5. What is one thing that you would like to change about the world?
You can’t change the world. But that doesn’t mean you’re powerless. You have all the power you need to change yourself. If you make that your focus, your world will change automatically.
6. How has your life changed after the pandemic? How did you cope during the lockdown?
No change, really. I write every day of the year with short writing sessions scheduled throughout the day. COVID had no effect on that. The writing continued. The big change for me before and after the lockdowns was my grocery shopping. I’m vegan, and before COVID I used to shop twice a week for fruits and vegetables at one store. But when COVID and the lockdowns caused food shortages, I began to shop for small amounts every day at a variety of stores. And I have continued to do that, since grocery stores are still experiencing shortages and distribution problems. On the plus side, I’m one of those people who loves to eat and grocery shop. So I’m enjoying this new shopping schedule.
7. What other interests do you have besides writing?
I’m an avid gardener. I have seven flower gardens in my front yard and one indoor container garden in my office. I’ve also been involved in feral cat rescue for almost fifty years.
8. What would be your advice for upcoming authors?
Cultivate perseverance. 1.) Persevere in your writing. Find a way to write every day. No excuses. There’s always a way. Even if it’s on your lunch or dinner break at work (I do that a lot). Even if it’s in your car (I’ve done my share of that too). Just do the work. No excuses. 2.) Persevere in your submitting. Not every editor is going to like what you write. Rejections, lots of them, are normal. Learn from the constructive ones. Ignore the form letter rejections. Rejections are part of paying your dues, and every writer has dues to pay. No complaining about it. Rejection is an important part of the process. 3.) Persevere in learning your craft. Do what it takes to write top quality pieces. Do the work. And never stop learning.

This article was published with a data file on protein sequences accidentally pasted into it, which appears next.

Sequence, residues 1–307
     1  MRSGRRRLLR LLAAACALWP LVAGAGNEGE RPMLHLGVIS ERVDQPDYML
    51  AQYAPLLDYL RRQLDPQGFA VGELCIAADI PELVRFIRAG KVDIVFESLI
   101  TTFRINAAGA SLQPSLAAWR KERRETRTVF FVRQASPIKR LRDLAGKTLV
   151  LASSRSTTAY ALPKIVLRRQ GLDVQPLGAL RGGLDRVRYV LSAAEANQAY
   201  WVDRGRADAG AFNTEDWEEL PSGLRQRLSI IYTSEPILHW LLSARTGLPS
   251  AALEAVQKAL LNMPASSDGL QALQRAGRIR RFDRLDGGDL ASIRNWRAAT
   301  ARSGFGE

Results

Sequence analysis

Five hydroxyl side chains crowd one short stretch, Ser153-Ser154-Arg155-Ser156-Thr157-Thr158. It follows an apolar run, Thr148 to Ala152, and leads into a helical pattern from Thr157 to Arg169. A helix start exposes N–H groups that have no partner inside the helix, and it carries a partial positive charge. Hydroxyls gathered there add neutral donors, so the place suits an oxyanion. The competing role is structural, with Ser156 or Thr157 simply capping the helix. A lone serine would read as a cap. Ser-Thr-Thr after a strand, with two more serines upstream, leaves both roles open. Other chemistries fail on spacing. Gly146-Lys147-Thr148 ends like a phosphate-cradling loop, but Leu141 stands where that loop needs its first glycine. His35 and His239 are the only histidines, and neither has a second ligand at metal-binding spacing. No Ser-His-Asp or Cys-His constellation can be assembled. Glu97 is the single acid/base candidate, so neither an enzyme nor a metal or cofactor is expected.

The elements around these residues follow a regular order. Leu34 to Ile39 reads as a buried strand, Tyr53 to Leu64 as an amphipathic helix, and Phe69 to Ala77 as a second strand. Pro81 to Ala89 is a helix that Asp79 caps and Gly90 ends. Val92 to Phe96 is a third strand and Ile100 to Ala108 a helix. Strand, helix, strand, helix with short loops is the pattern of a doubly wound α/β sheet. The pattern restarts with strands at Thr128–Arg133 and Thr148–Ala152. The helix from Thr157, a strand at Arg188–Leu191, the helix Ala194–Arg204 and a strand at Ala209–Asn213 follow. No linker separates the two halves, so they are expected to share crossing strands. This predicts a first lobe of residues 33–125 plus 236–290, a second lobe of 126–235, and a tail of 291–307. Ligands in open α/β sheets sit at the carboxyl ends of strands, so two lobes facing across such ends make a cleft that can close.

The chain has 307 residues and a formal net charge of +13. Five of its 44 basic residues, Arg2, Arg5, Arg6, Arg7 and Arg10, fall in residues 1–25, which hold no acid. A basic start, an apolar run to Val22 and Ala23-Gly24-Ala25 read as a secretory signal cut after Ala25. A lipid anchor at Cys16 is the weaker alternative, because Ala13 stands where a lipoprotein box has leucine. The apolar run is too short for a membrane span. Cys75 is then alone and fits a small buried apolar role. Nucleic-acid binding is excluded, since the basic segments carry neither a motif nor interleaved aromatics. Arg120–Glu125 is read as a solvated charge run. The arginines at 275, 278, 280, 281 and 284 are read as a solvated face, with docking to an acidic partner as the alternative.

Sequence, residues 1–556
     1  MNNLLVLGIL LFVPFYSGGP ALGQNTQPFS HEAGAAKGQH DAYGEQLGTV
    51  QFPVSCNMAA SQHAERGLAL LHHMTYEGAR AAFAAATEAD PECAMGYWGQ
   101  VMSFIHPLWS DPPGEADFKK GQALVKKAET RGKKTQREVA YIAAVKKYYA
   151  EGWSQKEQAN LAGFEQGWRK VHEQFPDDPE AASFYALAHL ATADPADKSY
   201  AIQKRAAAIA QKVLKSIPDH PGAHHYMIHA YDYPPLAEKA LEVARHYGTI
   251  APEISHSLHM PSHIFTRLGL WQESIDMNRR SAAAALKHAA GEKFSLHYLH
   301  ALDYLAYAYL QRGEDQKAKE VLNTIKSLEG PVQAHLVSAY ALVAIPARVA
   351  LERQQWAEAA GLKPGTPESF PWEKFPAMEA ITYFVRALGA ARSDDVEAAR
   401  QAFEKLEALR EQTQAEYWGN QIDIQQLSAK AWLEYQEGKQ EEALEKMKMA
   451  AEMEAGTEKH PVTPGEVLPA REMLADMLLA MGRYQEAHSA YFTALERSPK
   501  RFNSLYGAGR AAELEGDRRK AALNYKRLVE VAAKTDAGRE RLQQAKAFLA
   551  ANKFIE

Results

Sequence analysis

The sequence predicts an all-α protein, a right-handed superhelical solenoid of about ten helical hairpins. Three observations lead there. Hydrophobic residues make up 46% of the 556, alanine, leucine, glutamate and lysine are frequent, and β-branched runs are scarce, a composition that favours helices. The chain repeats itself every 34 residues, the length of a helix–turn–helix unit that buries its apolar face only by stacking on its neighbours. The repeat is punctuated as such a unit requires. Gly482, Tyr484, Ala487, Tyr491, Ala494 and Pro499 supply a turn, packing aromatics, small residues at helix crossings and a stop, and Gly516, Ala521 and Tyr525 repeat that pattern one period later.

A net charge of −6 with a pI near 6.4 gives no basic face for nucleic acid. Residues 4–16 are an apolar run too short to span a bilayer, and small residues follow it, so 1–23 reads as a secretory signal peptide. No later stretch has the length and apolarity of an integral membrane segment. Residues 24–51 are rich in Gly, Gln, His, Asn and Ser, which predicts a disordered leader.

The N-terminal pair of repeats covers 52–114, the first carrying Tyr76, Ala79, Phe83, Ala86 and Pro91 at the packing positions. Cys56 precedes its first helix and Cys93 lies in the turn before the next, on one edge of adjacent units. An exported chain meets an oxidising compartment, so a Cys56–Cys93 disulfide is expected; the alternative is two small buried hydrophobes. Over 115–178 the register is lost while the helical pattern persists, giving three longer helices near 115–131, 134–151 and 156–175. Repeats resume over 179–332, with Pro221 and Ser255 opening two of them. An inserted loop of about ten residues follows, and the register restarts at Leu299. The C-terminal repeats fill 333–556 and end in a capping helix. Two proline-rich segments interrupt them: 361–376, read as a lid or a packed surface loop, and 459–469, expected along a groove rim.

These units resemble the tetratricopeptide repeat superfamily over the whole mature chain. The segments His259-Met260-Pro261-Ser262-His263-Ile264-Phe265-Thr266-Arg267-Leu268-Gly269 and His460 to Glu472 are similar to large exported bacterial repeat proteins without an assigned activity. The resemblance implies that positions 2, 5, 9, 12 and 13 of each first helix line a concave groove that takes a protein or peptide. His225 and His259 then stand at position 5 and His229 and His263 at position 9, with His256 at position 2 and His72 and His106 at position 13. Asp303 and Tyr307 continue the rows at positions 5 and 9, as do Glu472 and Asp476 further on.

9. What are your plans for the future in your literary endeavors?
I have two new novellas coming out in the spring. “The Good Dog” will be published in March 2023 by Prolific Pulse Press. “Addicted to Dog Magazines” will be published in May 2023 by Impspired. Both are wacky, empowering, humorous stories. Currently, I’m working on my next book, a novella-in-verse (prose poems).
10. What is your message to our readers?
Don’t try to be everywhere on every social site. Instead, concentrate on one or two social sites and dig deep by spending your time building a loyal following for your work. For me it’s Facebook. For you, it might be Instagram or Twitter. Trying to be active on numerous social sites is a formula for disaster. Plus, it’s exhausting. There are only twenty-four hours in each day, so use your time on social wisely. And don’t kid yourself about marketing and promotion. Don’t think you won’t need to promote yourself and market your work. It doesn’t matter how good you
think you are. Books don’t sell by themselves. And a social site is a great place to begin building a following and a platform for your books.